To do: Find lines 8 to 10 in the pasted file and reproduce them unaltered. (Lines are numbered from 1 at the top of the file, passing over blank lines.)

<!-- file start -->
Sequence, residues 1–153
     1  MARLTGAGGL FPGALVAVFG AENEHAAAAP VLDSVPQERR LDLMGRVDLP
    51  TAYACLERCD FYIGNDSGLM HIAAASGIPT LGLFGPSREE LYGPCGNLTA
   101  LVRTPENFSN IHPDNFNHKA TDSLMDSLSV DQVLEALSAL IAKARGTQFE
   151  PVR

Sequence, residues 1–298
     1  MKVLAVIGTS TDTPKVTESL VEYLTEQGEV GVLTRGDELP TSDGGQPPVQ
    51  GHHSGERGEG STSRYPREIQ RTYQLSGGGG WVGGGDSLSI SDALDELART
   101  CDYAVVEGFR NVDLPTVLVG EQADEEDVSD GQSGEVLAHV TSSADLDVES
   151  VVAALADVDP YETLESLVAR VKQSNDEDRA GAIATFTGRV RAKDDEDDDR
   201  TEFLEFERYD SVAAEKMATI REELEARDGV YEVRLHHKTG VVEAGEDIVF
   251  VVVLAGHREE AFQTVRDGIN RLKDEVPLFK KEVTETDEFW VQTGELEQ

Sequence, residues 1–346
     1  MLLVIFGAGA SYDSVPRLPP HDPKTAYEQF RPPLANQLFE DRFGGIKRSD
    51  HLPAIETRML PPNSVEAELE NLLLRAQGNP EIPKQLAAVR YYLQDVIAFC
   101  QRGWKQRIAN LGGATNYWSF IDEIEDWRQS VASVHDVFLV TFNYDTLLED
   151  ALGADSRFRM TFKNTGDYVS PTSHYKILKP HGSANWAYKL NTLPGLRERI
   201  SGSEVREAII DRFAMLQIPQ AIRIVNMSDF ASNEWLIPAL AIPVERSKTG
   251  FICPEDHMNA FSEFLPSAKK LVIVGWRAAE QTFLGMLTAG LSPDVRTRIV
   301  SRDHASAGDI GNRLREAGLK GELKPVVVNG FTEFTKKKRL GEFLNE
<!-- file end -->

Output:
    51  GHHSGERGEG STSRYPREIQ RTYQLSGGGG WVGGGDSLSI SDALDELART
   101  CDYAVVEGFR NVDLPTVLVG EQADEEDVSD GQSGEVLAHV TSSADLDVES
   151  VVAALADVDP YETLESLVAR VKQSNDEDRA GAIATFTGRV RAKDDEDDDR